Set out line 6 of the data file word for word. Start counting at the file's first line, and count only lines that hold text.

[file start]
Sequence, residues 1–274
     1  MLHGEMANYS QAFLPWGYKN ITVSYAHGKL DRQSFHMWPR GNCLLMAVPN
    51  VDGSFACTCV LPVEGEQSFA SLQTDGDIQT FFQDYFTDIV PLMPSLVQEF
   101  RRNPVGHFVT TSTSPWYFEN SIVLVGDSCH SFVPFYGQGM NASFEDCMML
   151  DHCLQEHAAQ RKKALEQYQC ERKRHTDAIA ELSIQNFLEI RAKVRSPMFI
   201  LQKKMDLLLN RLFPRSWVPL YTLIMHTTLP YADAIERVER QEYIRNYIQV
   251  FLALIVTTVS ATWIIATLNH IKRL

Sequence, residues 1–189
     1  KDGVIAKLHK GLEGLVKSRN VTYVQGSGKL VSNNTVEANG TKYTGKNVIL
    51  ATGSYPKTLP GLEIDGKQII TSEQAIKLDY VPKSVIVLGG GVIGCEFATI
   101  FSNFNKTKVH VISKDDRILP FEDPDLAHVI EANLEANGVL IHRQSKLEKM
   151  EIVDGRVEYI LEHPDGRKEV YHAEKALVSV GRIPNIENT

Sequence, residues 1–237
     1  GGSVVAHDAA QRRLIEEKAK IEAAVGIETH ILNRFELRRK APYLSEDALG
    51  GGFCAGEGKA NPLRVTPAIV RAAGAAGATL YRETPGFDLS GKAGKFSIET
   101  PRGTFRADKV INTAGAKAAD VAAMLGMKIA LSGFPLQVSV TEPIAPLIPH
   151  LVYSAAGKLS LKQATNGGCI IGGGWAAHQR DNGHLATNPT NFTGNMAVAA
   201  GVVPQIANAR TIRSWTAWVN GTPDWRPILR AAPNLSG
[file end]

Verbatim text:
   201  LQKKMDLLLN RLFPRSWVPL YTLIMHTTLP YADAIERVER QEYIRNYIQV